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And then Andreas arrived and after greetings and chit-chat, we got down to business and studied the menu. Andreas and I met in 2003 (he’s Swedish). At the time, we were both working in a boutique law firm off the Place de la Concorde. The law firm still exists, but we’ve moved on, me to an investment bank and he as a CPA senior management consultant.

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Getting back to the menu … “You take charge,” I said, draining my apéritif glass, “I’m tired of making decisions.”

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And so he ordered a delicious red wine from the Languedoc region of France, a Pic Saint-Loup. Excellent choice! Rich, dry and full-bodied on the palate. A Valley girl myself, that’s the Loire Valley, I’ll pick up a bottle of Pic the next time I’m near a wine store (probably tomorrow.) 

Pic Saint-Loup is evocatively and accurately named, with steep limestone escarpments stark in the Mediterranean sunshine of the hilly uplands to the north of Montpellier. It produces some of the finest wines in the Languedoc. To qualify as a Pic Saint-Loup, a wine must contain 90 percent Syrah, Grenache and Mourvèdre. A good companion for grilled meats and cheeses.

The meat we shared was Black Angus Picanha, Brazilian for grilled and sliced rump steak. It was tender, juicy and very tasty, as if cooked on an outdoor barbecue. I rarely eat beef at home, so I do enjoy it when in a restaurant.

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Leaving the restaurant just after 10 p.m., we headed towards the Tuileries Gardens at the end of the street to walk off our dinner. The last streaks of daylight colored the sky.

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An amusement park with rides and attractions had been set up in the gardens.

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And so we talked and walked through the Tuileries Gardens before parting at Louvre metro station, Andreas to head eastbound and me westbound. However, it was such a beautiful night I didn’t take the metro straight away. I decided to walk along the rue de Rivoli and grab the metro at Concorde. I took some rather gorgeous night photos that I’ll put up in my next blog post. Night photography is always a surprise, you never know what you’ll get.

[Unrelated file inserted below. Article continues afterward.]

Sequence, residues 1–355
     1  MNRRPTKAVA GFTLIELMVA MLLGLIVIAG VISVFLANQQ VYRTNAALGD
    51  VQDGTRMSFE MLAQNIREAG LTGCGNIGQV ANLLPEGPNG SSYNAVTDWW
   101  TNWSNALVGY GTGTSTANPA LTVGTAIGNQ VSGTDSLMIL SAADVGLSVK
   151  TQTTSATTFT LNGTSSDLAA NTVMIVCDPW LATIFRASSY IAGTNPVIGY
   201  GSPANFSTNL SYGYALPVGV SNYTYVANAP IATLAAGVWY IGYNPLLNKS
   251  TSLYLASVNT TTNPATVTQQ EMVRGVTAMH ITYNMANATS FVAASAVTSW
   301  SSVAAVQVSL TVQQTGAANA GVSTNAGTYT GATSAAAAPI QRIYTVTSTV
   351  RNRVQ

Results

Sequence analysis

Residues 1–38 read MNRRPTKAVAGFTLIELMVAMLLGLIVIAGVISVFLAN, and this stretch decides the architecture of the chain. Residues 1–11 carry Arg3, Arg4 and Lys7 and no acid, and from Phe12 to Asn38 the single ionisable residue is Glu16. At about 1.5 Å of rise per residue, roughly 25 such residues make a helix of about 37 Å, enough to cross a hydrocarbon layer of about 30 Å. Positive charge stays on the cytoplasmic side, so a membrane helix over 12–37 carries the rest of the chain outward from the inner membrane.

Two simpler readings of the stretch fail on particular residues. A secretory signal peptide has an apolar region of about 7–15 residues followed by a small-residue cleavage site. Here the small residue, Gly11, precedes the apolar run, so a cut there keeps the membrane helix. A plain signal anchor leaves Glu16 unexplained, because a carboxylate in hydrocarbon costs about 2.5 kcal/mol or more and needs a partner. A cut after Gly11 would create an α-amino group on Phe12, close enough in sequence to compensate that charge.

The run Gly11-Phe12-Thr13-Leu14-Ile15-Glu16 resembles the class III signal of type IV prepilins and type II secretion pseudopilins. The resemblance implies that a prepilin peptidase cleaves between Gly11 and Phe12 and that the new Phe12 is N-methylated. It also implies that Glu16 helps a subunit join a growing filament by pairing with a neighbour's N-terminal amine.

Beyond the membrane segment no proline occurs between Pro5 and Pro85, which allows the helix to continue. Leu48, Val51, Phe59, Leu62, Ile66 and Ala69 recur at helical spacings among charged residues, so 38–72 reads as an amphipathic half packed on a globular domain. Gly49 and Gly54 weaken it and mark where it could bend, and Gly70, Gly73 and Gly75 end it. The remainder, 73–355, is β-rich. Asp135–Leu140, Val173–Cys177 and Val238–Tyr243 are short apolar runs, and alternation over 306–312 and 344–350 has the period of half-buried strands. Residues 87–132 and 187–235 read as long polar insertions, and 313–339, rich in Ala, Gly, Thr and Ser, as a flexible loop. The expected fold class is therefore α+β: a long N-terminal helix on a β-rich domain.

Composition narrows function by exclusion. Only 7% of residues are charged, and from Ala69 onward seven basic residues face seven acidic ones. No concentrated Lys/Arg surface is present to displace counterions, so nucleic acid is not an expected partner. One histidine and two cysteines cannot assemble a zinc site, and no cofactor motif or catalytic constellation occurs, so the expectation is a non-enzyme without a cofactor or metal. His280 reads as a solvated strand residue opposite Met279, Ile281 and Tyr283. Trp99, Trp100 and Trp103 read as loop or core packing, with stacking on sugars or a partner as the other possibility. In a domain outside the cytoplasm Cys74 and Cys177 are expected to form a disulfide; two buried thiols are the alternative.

why do we travel? (plus two great hotel websites)

This post was written two years ago. I’m reposting it and adding two hotel links.

I had an existential moment as I stood for three hours on the train from Naples to Rome. Why do we travel?, I asked myself. The train was packed solid, but for only 12 euros I could buy a ticket that allowed me to stand with others in the standing area. The three hours passed faster than I thought they would. I chatted with a nice man from Atlanta. I self-consciously ate two slices of pizza while eight pairs of eyes stared at me.

I witnessed an angry exchange between two Italian women and didn’t have a clue what it was about (and didn’t want to know.) I looked out the window at the passing landscape. And I watched as two policemen boarded the train and accosted two black men. It turned out they were African boat migrants who, no doubt, had paid a smuggler to break into Fortress Europe. At the next station they were escorted off the train. What awaited them?, I wondered. A detention camp, maybe, and deportation. I felt sorry for them.

And I guess that’s one of the reasons why we travel – to see the world, in all its splendor and misery. To see how other people live. To step out of our lives – for some people, their ivory towers – and observe the diversity and destiny and danger of our fellow humans, even if that view is voyeuristic or from a privileged perch.

Other reasons to travel – to unstick oneself from routine (I hate routine). It’s good to change our daily habits and shake things up. Or, as the French say, “changer les idées”.

To step out of our comfort zone, to test and challenge ourselves, to not stand still, to feel inspired. To connect with humanity. To have great conversations with complete strangers, until they’re no longer strangers but new friends with whom you’ve exchanged email addresses. To see great art and taste gorgeous foods that we normally wouldn’t see or eat at home. To extend our boundaries and stretch our minds. To feel the sea wind in our face and hear a foreign, lyrical language in our ears. To unplug from our computers and our hard drives and see things from another perspective because there are, in this world, differing points of view.

Jonah Lehrer, a British journalist, wrote this –

We travel because we need to, because distance and difference are the secret tonic of creativity. When we get home, home is still the same. But something in our mind has been changed, and that changes everything.

 

To plan your next escape, take a look at these hotel websites –

https://www.hiphotels.com/

https://www.tablethotels.com/